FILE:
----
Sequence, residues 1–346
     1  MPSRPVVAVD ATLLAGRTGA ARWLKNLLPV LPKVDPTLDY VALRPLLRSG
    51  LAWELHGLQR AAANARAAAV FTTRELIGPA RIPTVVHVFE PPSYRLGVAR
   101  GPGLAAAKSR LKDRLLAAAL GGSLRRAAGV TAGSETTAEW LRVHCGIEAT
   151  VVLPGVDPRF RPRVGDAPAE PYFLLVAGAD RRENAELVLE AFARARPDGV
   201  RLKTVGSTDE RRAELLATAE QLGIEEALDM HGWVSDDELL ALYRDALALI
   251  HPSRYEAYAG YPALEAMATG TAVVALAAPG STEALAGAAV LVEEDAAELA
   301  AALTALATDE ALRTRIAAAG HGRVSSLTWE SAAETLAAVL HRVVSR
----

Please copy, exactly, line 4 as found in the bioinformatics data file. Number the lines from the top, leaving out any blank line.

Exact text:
   101  GPGLAAAKSR LKDRLLAAAL GGSLRRAAGV TAGSETTAEW LRVHCGIEAT